In April, Medvedev expressed hope that Moscow and Beijing would agree on prices of Russian gas to be supplied to China, adding the matter was discussed during his talks with Hu Jintao.
On June 16, Medvedev promoted the development of an energy partnership with China, including the hydrocarbon and nuclear sectors. He noted that both sides continue to hold talks on Russian gas supplies to China (Interfax, ITAR-TASS, RIA Novosti, June 16).
Last April, Russian media quoted Chinese sources as saying that during the gas price talks both sides remained divided by more than $100 per tcm (Interfax, April 28). Russian negotiators were understood to insist on higher gas prices, apparently expecting increasing Japanese demand. Meanwhile, Chinese officials noted the availability of cheaper gas supplies from Central Asia, notably Turkmenistan.
The latest round of price negotiations between Gazprom and China National Petroleum Corp. (CNPC) achieved no results. On June 13, Energy Minister Sergei Shmatko argued that gas talks with China will continue. Gazprom and CNPC held talks in Moscow on June 13-14 (Interfax, June 13-14).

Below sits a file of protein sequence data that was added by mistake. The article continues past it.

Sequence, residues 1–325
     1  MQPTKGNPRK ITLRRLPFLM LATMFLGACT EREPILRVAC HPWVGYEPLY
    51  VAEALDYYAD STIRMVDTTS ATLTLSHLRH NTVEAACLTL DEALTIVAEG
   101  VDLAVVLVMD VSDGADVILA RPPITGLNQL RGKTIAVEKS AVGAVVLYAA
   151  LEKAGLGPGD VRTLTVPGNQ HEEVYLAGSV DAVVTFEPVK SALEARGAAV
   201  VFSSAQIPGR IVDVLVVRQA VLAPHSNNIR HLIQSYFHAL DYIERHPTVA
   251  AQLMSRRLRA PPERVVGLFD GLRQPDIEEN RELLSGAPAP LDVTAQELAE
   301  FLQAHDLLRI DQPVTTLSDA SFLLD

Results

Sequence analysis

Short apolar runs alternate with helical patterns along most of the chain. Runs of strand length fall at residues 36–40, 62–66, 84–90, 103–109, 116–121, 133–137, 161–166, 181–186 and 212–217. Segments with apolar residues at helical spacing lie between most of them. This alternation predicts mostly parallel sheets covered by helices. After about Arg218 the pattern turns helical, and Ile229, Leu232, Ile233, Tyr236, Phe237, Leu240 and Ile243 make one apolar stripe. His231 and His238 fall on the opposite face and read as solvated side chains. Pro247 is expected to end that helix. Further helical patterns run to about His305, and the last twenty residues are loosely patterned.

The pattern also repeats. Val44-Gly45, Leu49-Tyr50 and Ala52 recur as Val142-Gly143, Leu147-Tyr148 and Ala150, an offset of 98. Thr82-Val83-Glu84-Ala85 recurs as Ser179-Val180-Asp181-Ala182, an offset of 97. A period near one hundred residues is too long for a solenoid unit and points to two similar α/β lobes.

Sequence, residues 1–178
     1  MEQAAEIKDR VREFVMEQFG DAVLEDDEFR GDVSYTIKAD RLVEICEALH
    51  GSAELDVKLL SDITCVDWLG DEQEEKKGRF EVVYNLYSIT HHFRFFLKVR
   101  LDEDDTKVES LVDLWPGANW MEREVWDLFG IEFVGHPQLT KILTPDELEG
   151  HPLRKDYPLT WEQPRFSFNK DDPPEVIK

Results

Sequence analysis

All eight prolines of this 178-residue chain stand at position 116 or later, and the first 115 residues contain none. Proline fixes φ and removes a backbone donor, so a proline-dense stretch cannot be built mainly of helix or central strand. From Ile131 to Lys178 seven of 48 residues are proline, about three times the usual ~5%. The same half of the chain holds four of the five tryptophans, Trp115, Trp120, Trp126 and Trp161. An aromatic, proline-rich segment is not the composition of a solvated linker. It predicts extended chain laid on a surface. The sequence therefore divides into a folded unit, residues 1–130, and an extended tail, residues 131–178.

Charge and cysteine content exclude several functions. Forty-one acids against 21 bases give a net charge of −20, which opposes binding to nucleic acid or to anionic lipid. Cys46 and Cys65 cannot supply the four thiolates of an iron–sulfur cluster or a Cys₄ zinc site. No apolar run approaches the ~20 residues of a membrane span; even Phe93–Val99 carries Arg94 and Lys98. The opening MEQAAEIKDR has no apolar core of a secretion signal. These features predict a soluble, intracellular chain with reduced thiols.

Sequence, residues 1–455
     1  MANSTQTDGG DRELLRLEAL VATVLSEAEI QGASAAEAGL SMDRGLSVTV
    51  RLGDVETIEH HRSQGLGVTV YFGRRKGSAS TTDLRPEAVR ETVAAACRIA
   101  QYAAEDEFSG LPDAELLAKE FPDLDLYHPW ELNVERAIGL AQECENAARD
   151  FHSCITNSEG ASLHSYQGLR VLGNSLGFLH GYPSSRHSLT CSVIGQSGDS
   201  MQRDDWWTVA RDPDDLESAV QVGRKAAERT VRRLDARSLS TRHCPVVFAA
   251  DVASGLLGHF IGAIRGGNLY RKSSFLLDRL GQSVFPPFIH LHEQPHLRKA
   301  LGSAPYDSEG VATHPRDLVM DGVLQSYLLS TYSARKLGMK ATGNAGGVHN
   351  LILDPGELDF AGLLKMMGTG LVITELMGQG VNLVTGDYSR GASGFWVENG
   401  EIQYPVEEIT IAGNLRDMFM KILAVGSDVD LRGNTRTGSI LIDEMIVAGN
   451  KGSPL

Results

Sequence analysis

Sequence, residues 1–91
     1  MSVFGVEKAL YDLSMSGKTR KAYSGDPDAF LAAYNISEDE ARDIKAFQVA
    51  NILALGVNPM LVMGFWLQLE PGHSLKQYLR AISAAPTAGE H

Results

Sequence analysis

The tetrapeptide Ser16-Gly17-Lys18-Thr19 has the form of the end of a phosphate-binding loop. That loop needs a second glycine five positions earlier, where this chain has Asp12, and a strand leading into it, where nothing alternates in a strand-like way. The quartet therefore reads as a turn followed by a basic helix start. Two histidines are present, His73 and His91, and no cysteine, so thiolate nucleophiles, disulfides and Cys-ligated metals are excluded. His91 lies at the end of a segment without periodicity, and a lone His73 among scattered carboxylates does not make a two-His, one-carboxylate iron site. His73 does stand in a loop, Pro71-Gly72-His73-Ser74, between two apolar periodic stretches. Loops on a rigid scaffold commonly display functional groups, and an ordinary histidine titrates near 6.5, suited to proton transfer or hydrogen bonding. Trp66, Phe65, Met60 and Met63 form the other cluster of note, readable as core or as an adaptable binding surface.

Gazprom’s project to build the Altai gas pipeline to China has been stalled for years as both sides struggle to agree on gas prices. Five years ago Moscow first pledged to export up to 40 bcm of Russian gas to China via a 6,700-kilometer Altai pipeline. In March 2006, Gazprom and CNPC signed a memorandum on the delivery of Russian natural gas to China from 2011. Gazprom first offered to supply gas at European prices, while CNPC insisted on lower prices.
In October 2009, Gazprom and CNPC signed a framework agreement on gas supplies, including construction of a gas pipeline. Gazprom and CNPC agreed that gas prices would be connected with the “Asian oil basket.” Russian officials had previously expected a final agreement on gas prices to be concluded in June 2009, and gas supplies to start in 2014-2015.